Splunk – Adding a CA signed certificate to the restAPI HTTPS port
- Customer wants to use a CA signed certificate, to ensure the certificate issues by Splunk matches the hostname being used to access the restAPI which is a requirement for HTTPS / SSL to function.
How to get certificates signed by a third-party
This topic describes one way you can use the version of OpenSSL that ships with Splunk Enterprise to
obtain third-party certificates that you can use to secure your forwarder-to-indexer and inter-Splunk communication.
Before you begin
In this discussion, $SPLUNK_HOME (%SPLUNK_HOME% on Windows) refers to the Splunk Enterprise installation directory. On Windows, you might need to set this variable at the command line or in the Environment tab in the System Properties dialog.
On Windows, the Splunk Enterprise directory is at C:\Program Files\Splunk by default. For most Unix platforms, the default installation directory is at /opt/splunk. For Mac OS, it is /Applications/splunk. See the Administration Guide to learn more about working with Windows and *nix.
Make sure that you are using the version of OpenSSL provided with Splunk Enterprise by setting your environment to the version in $SPLUNK_HOME/splunk/lib in *nix or %SPLUNK_HOME%/splunk/bin in Windows.
Create a new directory for your certificates
Create a new directory to work from when creating your certificates. In our example, we are using
mkdir E:\Program Files\Splunk\etc\auth\mycerts2
cd E:\Program Files\Splunk\etc\auth\mycerts2
Splunk strongly recommends that you make a new folder so that you do not overwrite the existing certificates in $SPLUNK_HOME/etc/auth for your new certificates and keys. Working in a new directory protects the certificates that ship with Splunk and lets you use them for other Splunk components as necessary.
Request your server certificate
Create and sign a Certificate Signing Request (CSR) to send to your Certificate Authority.
Generate a private key for your server certificate
1. Create a new private key. The following example uses DES3 encryption and a 2048 bit key length, we recommend a key length of 2048 or higher.
openssl genrsa -des3 -out myServerPrivateKey.key 2048 -config E:\Program Files\Splunk\openssl.cnf
2. When prompted, create a password for your key.
When you are done, a new private key myServerPrivateKey.key is created in your directory. You will use this key to sign your Certificate Signing Request (CSR).
Generate a new Certificate Signing Request (CSR)
1. Use your private key myServerPrivateKey.key to generate a CSR for your server certificate:
openssl req–new -key myServerPrivateKey.key -out myServerCertificate.csr -config “E:\Program Files\Splunk\openssl.cnf”
2. When prompted, provide the password you created foryour private key myServerPrivateKey.key.
3. Provide the requested information for your certificate. To use common-name checking, make sure to provide a Common Name when entering your certificate details.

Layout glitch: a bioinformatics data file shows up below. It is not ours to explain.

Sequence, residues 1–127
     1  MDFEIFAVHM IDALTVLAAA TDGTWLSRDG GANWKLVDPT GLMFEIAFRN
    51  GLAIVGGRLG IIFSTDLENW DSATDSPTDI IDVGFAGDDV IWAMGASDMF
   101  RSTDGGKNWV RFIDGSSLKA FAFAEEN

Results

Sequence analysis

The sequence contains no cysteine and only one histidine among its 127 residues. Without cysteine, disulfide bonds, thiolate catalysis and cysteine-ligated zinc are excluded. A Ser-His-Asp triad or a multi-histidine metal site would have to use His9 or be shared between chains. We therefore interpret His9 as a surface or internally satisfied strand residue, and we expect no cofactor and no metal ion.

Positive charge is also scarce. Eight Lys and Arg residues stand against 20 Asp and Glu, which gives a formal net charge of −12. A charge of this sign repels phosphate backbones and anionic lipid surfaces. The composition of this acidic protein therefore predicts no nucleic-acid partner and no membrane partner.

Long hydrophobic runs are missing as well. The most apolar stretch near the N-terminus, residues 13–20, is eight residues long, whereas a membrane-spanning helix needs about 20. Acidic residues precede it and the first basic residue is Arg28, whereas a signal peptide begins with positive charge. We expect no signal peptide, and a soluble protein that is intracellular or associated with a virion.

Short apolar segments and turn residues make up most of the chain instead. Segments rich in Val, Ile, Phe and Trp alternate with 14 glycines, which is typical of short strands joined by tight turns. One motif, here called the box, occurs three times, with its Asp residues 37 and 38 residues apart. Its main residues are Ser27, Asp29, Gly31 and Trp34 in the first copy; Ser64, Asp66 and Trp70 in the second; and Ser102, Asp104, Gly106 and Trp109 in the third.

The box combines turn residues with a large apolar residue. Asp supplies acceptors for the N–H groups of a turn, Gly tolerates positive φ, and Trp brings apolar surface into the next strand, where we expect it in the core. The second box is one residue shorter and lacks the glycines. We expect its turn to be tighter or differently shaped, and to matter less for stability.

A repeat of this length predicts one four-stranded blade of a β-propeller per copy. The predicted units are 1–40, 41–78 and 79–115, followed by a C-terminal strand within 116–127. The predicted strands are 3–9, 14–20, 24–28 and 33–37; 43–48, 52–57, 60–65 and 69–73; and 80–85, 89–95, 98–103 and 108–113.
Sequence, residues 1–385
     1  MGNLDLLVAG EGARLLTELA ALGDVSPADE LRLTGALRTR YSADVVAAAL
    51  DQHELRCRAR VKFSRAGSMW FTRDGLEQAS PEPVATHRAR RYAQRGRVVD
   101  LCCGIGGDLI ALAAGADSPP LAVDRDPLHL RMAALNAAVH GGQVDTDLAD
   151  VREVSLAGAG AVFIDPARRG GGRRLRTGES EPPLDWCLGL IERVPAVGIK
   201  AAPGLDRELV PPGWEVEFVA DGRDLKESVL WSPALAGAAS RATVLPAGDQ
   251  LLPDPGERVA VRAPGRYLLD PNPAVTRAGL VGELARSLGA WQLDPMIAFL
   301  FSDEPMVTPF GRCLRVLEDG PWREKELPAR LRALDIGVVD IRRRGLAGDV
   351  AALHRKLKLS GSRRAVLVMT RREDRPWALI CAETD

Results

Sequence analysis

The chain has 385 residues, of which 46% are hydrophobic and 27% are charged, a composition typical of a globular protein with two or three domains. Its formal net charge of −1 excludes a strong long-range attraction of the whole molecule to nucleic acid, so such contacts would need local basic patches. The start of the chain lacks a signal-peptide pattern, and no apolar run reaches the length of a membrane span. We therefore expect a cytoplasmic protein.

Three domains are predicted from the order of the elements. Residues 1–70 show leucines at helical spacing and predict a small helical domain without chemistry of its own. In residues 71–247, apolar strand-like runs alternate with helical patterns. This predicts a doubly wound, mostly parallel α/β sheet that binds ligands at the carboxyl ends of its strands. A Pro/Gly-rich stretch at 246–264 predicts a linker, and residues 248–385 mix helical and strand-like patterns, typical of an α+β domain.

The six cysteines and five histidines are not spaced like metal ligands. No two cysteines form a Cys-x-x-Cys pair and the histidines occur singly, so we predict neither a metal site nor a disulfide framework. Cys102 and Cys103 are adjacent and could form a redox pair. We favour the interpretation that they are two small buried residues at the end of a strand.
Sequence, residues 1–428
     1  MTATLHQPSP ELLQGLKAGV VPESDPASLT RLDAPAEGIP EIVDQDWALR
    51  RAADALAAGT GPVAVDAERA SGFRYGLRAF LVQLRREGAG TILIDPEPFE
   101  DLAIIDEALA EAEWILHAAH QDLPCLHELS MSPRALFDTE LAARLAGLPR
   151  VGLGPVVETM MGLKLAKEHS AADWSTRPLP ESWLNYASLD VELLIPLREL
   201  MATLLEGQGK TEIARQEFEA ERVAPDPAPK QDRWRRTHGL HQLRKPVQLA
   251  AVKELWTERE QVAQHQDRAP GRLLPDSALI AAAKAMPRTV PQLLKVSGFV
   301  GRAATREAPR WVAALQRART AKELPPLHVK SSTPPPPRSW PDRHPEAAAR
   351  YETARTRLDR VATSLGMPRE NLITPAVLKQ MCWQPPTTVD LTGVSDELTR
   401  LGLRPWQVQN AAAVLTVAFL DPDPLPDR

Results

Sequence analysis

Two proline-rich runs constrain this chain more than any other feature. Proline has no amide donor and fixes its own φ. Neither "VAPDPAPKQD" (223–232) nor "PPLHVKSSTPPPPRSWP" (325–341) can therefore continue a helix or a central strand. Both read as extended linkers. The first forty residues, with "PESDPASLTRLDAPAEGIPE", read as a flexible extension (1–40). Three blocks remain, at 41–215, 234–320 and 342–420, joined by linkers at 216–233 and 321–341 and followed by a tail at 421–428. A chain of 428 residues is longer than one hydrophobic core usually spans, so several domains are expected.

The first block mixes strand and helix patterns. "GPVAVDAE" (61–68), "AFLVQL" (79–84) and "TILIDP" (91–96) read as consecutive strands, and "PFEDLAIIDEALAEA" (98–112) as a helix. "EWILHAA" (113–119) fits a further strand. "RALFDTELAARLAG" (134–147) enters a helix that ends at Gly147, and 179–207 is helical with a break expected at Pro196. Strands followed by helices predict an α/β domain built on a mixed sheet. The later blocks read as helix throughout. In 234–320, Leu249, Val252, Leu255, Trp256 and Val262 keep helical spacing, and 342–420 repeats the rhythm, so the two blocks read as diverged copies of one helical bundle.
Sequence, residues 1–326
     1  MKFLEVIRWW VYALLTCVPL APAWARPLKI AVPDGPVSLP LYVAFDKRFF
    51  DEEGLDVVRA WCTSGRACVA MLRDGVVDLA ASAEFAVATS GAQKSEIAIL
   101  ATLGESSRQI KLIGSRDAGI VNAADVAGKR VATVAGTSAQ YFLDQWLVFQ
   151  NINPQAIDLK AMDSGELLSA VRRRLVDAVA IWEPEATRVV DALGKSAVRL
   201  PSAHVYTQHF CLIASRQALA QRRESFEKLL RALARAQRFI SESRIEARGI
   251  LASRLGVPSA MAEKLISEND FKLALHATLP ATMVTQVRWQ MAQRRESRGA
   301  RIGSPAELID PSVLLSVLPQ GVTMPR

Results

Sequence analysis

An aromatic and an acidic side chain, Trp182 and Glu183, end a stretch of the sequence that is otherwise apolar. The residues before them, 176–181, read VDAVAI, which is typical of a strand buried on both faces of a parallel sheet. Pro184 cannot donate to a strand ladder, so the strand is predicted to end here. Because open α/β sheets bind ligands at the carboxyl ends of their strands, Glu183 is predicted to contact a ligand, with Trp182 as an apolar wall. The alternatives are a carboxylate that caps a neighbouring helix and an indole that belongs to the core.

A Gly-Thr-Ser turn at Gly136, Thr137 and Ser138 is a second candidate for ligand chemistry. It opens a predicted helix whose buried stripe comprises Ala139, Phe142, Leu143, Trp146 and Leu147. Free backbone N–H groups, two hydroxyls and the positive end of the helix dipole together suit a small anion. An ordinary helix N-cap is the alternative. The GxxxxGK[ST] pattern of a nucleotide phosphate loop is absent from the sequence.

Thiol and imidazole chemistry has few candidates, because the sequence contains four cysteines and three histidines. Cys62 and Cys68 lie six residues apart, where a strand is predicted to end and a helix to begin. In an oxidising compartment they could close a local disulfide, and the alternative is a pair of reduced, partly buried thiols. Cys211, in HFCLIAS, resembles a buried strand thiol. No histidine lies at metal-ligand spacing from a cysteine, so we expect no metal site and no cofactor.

When you are done, a new CSR myServerCertificate.csr appears in your directory.
Download and verify the server certificate and public key
1. Send your CSR to your Certificate Authority (CA) to request a new server certificate. The request process varies based on the Certificate Authority you use.
2. When it’s ready, download the new server certificate from your Certificate Authority. For the
examples in this manual, let’s call this myServerCertificate.pem.
3. Also download your Certificate Authority’s public CA certificate. For the examples in this manual, let’s call this myCACertificate.pem.
We received a pksc7 from our provider file so this already contains the entire chain, if the entire chain is
not present you will need to add the certificates in the chain to the file.
If your Certificate Authority does not provide you with certificates in PEM format, you must convert them using the OpenSSL command appropriate to your existing file type, consult your OpenSSL documentation for more information about converting different file types.
4. View the contents to make sure it has everything you need:
The “Issuer” entry should refer to your CA’s information.
The “Subject” entry should show the information (country name, organization name, Common Name, etc.) that you entered when creating the CSR earlier.
You should now have the following files in the directory you created, which is everything you need to configure indexers, forwarders, and Splunk instances that communicate over the management port:
Now that you have the certificates you need, you must prepare your server certificate (including appending any intermediate certificates), and then configure Splunk to find and use your certificates:
Edit local server.conf
Hit the management port and check the certificate being presented
Open the local certificate and we can see the certificate chain